OTTAWA—A shortage of propane in parts of Central Canada has suppliers scrambling to find extra fuel and rural consumers fuming about skyrocketing prices.
The Canadian Propane Association insists there is no supply shortage in Canada.
But the latest statistics from the National Energy Board (NEB) show propane inventories were nearly 30 per cent lower across the country in January compared with the same month last year.
And one of the country’s biggest suppliers, Superior Propane, predicted this week that prices will likely remain high until May.
“Traditionally prices have softened in the spring when winter heating demand eases,” the company said in a statement. “Superior currently expects prices to ease at the end of April or early May.”
The company also said the supply crunch may force it to ration deliveries in some cases.
Propane is commonly used to heat homes in areas that cannot be reached by natural gas lines.
It’s also used to fuel specially equipped vehicles and for industrial applications including the drying of corn and other crops.
Terry Arthurs, 69, owns Arthurs Fuels, a relatively small home heating fuel operation near Orangeville, Ont., and his trucks have been hauling propane seven days a week since October.
Arthurs hasn’t run out of propane, but only because he recently installed two giant new storage tanks and has been calling in favours from suppliers—and competitors.
His operation currently has 200,000 litres of propane storage capacity, but goes through 60,000 litres per day.
“I’ve been in business here 50 years last month, and I’ve never seen anything like it,” said Arthurs, who estimates he has sold $1.8-million more worth of heating fuel this year compared to last winter.
“One of our suppliers asked us to cut back (on deliveries), that they’re short of propane and short of trucks.”
Arthurs is also worried that a recent dramatic jump in propane prices could leave many of his customers out in the cold.
In December 2012, propane was selling in Ontario for about 62 cents per litre.
By October last year it was at 70 cents.
This week, however, the price jumped to $1.10.
The cost of furnace oil has also spiked, up to around $1.23 per litre this week compared with $1.01 in early October.
“I don’t know how our customers are going to pay,” said Arthurs, who regularly receives dozens of calls from clients angered by rising fuel prices.
The continued cold weather in Central Canada and the eastern United States has caused a spike in demand.
And at least one industry watcher warns that, if the deep freeze continues, supplies could run nearly dry and cause another spike in prices by the end of February.
“The supply crunch is imminent,” said former Liberal MP Dan McTeague, who runs a website that monitors fuel prices.
That’s an alarmist viewpoint, the Canadian Propane Association suggests.
Earlier this month the association blamed transportation issues for the shortage and said it expected the ongoing supply disruptions to be “short-term.”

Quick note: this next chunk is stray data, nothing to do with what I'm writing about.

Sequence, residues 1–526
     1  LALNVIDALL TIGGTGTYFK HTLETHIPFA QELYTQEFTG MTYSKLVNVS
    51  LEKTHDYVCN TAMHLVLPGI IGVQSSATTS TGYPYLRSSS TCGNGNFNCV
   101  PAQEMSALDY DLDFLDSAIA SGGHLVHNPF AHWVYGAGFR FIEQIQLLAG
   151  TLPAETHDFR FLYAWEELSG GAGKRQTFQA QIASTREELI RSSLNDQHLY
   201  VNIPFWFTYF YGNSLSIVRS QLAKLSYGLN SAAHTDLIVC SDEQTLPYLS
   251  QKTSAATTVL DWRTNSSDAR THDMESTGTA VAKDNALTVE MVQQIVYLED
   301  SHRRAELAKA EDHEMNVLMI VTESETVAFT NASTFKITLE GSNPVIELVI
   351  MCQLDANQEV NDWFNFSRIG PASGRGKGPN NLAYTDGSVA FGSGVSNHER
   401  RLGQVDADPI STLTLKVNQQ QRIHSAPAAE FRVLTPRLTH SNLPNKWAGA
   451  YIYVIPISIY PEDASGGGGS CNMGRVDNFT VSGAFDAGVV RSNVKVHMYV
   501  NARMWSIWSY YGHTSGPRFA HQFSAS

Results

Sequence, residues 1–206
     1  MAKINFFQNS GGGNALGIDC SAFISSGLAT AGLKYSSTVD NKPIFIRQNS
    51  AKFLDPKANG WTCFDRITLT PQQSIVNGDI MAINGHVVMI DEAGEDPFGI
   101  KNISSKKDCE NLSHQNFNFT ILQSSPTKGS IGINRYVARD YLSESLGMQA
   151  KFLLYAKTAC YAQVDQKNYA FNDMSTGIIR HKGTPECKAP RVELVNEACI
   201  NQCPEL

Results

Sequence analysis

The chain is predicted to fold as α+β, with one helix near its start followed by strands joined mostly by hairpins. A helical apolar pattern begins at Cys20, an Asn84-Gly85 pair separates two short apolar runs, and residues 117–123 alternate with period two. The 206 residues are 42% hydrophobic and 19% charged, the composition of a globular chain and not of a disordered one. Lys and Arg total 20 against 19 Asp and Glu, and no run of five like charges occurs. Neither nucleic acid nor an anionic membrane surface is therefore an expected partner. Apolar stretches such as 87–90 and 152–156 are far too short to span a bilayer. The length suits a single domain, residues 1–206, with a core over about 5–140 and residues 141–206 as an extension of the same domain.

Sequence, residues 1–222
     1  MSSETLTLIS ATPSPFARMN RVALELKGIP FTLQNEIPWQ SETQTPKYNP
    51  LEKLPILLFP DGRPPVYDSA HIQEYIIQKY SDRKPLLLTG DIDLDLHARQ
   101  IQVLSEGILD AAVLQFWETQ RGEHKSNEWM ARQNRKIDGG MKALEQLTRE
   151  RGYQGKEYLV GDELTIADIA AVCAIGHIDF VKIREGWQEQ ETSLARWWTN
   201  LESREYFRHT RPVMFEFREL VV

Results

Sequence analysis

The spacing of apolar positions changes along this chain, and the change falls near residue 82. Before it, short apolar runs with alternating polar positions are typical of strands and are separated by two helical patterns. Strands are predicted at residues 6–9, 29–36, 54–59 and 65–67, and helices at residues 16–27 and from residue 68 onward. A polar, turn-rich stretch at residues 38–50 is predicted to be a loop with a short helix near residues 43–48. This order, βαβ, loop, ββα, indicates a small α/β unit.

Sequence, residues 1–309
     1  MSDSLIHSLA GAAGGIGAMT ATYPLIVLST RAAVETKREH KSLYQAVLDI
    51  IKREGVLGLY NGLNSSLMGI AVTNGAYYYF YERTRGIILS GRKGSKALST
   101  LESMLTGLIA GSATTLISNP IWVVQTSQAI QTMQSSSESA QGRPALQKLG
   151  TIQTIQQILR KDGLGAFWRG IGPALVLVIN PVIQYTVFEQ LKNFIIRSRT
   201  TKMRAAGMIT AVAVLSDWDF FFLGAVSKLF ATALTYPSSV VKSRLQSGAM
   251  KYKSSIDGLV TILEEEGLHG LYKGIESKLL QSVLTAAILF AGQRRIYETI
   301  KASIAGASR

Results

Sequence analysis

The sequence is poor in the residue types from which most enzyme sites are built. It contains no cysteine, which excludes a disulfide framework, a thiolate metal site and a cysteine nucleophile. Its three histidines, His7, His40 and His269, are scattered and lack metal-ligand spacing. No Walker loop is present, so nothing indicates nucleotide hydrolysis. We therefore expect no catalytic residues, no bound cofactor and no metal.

That remains the case, spokesperson Allison Mallette said this week.
“It’s weather (and) transportation. That’s why this (shortage) is happening,” she said.
But Jean-Marc Levac, owner of Levac Propane of St-Isidore, Ont., said he believes McTeague’s predictions could come true.
“It is going to get worse, the way it’s looking right now,” Levac said after a frustrating day of fielding calls from angry customers.
One year ago, underground propane inventories in Canada were estimated at 1.07 million cubic metres, according to the NEB.
Earlier this month, the board estimated inventories of 756,200 cubic metres, a year-over-year decline of 314,800 cubic metres.
The cold weather is partly to blame for the increased demand.
But inventories were also diminished by a fall sell-off to corn producers in the U.S. after the NEB predicted average season demand for heating fuels.
The assessment was based on forecasts from Environment Canada and the U.S. National Oceanic and Atmospheric Administration of warmer temperatures for most of Canada and the U.S. this winter.
“Above-normal temperatures expected in the northeastern states and provinces mean this region could have below-average demand for heating fuels,” the board predicted in its most recent Winter Energy Outlook report.
South of the border, propane shortages have resulted in states of emergency being declared in Ohio, Michigan, Wisconsin and Arizona.
Over the weekend, the U.S. Department of Transportation issued an emergency declaration, allowing propane tank operators to cross state lines through the Midwest, New England, and the central Atlantic states, and to drive for longer hours.
The shortage hasn’t reached emergency levels in Canada, but Ontario’s energy minister, Bob Chiarelli, said he’s concerned.
“I understand how difficult this shortage has been for many families and businesses in Eastern Ontario,” Chiarelli said in a statement.
“My office has been in touch with the Canadian Propane Association who issued a release the other week to assure customers these disruptions are expected to be short-term issue only and we are continuing to monitor the situation,” the statement read.